Wednesday, January 27, 2016

Poisoning kids to cut costs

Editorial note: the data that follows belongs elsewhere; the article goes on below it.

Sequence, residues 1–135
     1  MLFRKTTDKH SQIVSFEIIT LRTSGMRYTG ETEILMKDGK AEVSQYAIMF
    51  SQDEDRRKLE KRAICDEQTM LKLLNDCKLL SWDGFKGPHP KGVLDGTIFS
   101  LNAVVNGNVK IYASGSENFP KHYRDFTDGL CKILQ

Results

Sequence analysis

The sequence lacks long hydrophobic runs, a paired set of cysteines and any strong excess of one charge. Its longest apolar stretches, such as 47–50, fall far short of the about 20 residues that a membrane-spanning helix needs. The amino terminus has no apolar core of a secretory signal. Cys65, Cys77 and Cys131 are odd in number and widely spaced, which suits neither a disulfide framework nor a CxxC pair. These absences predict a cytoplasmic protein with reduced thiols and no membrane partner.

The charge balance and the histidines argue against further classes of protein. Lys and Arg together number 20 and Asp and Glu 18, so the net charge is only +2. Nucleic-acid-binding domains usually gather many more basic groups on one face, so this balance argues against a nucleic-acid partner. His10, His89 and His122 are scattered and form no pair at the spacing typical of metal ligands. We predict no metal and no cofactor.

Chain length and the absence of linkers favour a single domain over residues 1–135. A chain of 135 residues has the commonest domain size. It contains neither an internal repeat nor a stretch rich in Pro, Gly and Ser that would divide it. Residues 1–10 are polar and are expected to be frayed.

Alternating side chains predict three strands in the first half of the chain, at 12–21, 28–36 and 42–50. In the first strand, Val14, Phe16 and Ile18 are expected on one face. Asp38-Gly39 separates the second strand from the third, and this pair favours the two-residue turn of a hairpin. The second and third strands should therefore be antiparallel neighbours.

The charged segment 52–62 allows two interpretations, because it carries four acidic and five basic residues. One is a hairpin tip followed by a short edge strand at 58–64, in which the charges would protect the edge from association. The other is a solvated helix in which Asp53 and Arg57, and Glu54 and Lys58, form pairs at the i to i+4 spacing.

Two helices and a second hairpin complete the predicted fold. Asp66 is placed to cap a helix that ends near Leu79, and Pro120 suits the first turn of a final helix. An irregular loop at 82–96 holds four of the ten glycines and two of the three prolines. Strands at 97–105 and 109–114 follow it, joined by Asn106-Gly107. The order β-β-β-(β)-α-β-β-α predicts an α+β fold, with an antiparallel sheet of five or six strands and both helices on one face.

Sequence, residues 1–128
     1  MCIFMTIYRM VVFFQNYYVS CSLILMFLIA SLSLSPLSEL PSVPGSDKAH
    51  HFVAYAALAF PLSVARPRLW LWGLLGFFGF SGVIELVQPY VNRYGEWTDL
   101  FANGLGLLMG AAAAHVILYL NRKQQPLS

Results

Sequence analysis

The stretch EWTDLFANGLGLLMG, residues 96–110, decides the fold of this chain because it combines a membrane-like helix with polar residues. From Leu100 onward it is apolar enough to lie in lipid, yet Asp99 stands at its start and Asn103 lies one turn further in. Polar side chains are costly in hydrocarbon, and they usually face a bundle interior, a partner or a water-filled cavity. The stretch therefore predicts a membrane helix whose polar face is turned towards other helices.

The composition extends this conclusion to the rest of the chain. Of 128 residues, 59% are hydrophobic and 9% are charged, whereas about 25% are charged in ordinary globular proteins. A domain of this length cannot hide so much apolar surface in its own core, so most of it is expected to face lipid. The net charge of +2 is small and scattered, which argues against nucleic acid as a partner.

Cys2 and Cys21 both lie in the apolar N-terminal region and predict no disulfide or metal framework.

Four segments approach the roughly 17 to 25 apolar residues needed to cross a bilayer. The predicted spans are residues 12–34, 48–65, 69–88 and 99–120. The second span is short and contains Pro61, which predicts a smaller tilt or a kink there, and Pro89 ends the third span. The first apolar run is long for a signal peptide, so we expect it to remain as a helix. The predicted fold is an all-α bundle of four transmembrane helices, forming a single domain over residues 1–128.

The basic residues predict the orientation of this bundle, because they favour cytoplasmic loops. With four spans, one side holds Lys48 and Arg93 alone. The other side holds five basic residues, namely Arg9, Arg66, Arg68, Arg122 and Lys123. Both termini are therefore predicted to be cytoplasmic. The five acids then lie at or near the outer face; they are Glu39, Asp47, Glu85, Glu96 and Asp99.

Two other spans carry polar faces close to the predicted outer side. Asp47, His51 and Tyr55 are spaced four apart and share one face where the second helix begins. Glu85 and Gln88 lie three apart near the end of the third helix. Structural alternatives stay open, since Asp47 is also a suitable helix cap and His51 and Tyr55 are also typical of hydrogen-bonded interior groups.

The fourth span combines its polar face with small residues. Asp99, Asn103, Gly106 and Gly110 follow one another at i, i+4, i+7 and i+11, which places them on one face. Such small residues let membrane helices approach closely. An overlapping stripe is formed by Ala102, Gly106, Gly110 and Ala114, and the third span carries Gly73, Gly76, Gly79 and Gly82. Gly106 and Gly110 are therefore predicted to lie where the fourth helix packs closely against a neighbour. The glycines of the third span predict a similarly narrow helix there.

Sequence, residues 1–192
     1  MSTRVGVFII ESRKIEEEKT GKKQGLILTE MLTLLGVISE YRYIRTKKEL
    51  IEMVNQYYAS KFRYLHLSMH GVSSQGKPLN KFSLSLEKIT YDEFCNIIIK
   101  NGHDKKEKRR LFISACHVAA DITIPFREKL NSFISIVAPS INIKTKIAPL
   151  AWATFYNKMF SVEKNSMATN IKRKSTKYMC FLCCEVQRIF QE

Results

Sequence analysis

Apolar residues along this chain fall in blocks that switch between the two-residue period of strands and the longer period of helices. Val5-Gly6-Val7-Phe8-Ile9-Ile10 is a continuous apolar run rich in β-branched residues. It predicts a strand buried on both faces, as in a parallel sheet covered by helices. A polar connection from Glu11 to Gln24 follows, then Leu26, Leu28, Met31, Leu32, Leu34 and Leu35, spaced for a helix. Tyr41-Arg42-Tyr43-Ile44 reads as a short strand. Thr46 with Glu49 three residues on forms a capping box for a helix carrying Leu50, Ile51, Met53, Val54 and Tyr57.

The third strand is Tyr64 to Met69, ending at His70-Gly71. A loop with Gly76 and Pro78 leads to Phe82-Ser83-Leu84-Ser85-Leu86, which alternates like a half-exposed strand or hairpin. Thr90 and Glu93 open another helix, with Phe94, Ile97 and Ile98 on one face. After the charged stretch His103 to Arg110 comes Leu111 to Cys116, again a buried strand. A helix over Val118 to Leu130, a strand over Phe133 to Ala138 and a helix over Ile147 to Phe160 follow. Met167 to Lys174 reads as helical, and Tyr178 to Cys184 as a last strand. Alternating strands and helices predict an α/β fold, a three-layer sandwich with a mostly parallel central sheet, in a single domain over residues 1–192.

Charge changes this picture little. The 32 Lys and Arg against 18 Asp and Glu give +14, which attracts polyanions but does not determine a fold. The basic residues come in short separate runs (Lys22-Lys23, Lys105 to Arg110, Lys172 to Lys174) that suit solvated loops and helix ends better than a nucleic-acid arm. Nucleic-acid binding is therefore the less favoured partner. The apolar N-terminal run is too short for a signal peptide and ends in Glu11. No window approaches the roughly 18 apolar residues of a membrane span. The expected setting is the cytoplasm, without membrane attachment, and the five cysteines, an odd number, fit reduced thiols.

Flint once boasted 80,000 General Motors employees, but now only has a tenth of that. Unemployment is rampant. The racial composition of Flint is 56.6% African American. The US Census Bureau reported that Flint is the second most impoverished city for its size. Just over 40 percent of the municipality’s residents are living at or below the poverty line. Those in power find it easy to ignore the cries of poor people—especially if those poor people happen to be largely black. The people of Flint has consistently voted Democrat. In 2006, the Bay Area Center for Voting Research ranked Flint as the 10th most liberal city in the United States. Put bluntly, since the voters in Flint, Michigan, are a lost cause and of no use to the Republican Governor Rick Snyder and his Republican Lieutenant Governor, Secretary of State, and Attorney General who all had little incentive to respond to the complaints. As the citizens of the city lost hair and developed rashes, as  children drank water that was tainted with lead and E. Coli those with the power to help did nothing. Michigan’s Department of Environmental Quality (MDEQ) officials urged those people concerned about lead in Flint’s drinking water to “relax,” that there was no “broad problem” with contamination and described the whistleblower EPA official, Miguel Del Toral, whose draft report initially alerted lead-poisoned Flint residents to their great danger, as a “rogue employee.” They also attacked the work of Virginia Tech safe drinking water expert Marc Edwards. The analysis by Edwards and his team of graduate students revealed that some Flint tap water measured nearly 2.5 times more lead contamination than EPA’s hazardous waste designation level. They cast doubts upon Dr. Mona Hanna-Attisha, director of the pediatric residency program at Flint’s Hurley Hospital whose research showed that after the switch to untreated Flint River drinking water, blood lead levels in children doubled, or even tripled.